A convicted child molester will not also have a conviction of failure to register as a sex offender after the Indiana Court of Appeals found Monday that his arrest was premature.
In Richard Dobeski v. State of Indiana, 49A02-1603-CR-440, Richard Dobeski was convicted of Class C felony child molesting in 2008 and was subsequently required to register as a sex offender upon release from prison. When he was released July 16, 2015, a transportation van carrying Dobeski left the prison at 9:30 a.m. and arrived in Indianapolis at 11:15 a.m.
When a sergeant in the Marion County Sheriff’s Office checked the sex offender registry sometime after 1 p.m. on July 23, he found that Dobeski had not yet registered, so he was arrested sometime between 2 and 2:30 p.m.
At trial, the state argued that a full seven days had elapsed between Dobeski’s release and arrest and that “days” referred to full 24-hour periods beginning with the moment Dobeski was released. Thus, he was required to register by 11:15 a.m. on July 23, and his failure to do so justified the arrest that occurred after 2 p.m. But Dobeski argued that state statute gave him seven calendar days to register, so he had until midnight on July 23 to do so.
The Marion Superior Court found in favor of the state, so Dobeski appealed. The state presented two arguments on appeal – first, that a “day” constitutes a 24-hour period, and second that if a “day” means a calendar day and Dobeski’s day of release was included, then he only had until midnight on July 22 to register.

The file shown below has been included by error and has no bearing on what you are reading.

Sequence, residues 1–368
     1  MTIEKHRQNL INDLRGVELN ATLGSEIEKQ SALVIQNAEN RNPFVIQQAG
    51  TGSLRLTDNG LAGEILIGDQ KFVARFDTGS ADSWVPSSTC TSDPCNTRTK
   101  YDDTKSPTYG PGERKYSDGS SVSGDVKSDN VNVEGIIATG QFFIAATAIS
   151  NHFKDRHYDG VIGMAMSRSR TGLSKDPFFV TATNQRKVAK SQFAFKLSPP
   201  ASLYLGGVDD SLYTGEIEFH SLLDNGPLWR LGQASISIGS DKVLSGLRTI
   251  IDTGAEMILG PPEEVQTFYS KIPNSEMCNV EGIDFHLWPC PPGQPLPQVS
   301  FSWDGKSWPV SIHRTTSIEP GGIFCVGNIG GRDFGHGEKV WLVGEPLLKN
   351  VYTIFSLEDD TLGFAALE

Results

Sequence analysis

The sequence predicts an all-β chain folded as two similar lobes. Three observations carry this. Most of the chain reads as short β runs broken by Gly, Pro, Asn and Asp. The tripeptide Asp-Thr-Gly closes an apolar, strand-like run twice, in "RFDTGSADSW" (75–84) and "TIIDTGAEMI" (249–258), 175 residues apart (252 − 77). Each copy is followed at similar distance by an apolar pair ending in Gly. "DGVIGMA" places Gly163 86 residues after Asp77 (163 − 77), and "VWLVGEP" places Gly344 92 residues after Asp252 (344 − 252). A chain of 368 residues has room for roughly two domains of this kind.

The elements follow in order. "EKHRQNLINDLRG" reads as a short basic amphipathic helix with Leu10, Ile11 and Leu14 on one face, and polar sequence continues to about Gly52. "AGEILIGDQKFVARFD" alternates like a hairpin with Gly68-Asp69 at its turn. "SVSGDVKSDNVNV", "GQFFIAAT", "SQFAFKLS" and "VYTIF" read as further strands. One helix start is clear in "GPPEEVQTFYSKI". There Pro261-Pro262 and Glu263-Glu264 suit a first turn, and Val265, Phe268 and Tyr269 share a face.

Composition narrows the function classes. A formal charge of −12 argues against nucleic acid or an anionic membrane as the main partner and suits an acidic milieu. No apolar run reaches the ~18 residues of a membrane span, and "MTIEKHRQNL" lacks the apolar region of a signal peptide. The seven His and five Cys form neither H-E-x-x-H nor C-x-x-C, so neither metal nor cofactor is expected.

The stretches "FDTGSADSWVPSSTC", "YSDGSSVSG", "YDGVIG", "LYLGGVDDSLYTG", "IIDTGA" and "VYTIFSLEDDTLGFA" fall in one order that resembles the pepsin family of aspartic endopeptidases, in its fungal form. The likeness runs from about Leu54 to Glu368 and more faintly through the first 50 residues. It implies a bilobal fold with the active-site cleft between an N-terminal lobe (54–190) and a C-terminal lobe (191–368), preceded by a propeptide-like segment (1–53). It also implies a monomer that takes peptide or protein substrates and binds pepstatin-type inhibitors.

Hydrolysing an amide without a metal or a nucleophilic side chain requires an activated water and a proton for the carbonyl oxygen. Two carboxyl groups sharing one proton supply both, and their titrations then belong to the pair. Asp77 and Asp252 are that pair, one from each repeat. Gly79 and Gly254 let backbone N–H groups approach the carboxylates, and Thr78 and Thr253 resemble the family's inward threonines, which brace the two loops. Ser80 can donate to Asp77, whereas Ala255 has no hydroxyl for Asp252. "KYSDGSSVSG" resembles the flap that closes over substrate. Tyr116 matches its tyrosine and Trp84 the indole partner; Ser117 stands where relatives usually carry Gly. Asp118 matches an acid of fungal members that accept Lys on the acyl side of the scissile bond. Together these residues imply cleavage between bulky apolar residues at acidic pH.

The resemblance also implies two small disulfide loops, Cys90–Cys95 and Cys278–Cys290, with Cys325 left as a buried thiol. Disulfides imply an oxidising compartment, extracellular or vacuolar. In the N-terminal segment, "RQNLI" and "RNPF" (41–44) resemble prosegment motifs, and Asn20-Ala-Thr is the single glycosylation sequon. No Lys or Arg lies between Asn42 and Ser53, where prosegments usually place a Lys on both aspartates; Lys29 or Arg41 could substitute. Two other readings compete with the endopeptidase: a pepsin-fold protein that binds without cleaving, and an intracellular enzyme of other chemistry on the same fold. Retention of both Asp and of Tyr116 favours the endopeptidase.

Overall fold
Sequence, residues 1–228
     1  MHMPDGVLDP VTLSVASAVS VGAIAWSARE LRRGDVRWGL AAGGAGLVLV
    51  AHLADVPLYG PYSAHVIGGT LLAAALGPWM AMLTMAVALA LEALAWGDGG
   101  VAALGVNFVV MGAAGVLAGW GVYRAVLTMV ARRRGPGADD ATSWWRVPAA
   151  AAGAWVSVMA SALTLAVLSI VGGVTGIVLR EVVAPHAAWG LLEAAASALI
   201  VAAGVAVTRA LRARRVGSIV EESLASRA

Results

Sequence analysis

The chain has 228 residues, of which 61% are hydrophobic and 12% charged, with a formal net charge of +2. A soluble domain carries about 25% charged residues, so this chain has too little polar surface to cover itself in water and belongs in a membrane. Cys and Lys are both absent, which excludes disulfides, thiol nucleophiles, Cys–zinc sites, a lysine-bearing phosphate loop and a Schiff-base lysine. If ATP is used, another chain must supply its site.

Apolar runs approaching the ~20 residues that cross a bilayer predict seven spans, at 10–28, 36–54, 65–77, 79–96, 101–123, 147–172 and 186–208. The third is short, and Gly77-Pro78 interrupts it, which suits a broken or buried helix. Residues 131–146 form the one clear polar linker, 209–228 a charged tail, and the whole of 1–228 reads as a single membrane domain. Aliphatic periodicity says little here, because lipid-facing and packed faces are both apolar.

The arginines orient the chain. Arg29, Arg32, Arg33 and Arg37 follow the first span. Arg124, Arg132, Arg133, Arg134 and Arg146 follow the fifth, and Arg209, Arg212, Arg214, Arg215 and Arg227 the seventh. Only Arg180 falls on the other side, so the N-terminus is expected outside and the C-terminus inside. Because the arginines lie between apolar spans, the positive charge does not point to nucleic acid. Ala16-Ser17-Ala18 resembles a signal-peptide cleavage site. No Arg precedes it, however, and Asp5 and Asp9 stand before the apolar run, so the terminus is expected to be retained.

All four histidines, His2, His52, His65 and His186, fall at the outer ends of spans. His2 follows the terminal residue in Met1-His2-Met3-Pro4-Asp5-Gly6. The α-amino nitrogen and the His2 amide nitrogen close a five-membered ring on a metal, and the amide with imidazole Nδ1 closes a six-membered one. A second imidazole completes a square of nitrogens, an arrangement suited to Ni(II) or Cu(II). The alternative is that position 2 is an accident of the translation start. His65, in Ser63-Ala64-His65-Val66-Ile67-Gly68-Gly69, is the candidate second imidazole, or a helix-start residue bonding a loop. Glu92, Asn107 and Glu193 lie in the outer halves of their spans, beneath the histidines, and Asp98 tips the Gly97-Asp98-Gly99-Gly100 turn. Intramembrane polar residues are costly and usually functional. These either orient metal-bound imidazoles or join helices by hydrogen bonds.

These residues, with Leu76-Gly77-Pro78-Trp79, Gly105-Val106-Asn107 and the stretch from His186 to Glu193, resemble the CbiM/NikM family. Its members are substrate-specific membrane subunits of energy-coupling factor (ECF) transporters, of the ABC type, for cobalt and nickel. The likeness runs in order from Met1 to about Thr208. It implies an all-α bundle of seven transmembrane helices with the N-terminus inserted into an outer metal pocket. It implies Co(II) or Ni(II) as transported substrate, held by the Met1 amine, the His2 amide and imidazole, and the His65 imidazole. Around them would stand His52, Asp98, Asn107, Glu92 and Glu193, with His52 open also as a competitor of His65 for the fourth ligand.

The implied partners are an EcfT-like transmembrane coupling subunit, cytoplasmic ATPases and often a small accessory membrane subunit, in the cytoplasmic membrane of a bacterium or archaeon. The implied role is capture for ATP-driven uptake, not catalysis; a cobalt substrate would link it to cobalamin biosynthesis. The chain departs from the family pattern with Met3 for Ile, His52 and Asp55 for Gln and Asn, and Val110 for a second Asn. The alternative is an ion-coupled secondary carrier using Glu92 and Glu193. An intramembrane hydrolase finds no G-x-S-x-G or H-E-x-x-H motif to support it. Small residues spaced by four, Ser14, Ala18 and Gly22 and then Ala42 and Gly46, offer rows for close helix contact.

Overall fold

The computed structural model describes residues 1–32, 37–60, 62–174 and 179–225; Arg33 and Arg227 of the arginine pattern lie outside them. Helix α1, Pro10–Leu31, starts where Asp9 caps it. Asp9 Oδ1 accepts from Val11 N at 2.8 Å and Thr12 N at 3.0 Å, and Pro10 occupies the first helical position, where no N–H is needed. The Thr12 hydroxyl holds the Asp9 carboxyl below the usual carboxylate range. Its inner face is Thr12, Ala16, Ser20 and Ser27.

But in a Monday opinion, the Indiana Court of Appeals wrote that both of the state’s arguments were deficient and reversed Dobeski’s conviction of failure to register.
Judge Robert Altice, writing for the majority panel, pointed out that Indiana Code and trial rules explicitly state that the time within which an act must be done, such as registering as a sex offender, excludes the first day. In this case, that means that Dobeski’s seven-day window did not begin on the day of his release.
Further, Altice wrote that Indiana caselaw traditionally defines a “day” as a 24-hour period and that the state pointed to no evidence to suggest otherwise.
Thus, the state’s arrest of Dobeski was premature, the appellate court wrote, so the case was remanded with instructions to vacate his conviction.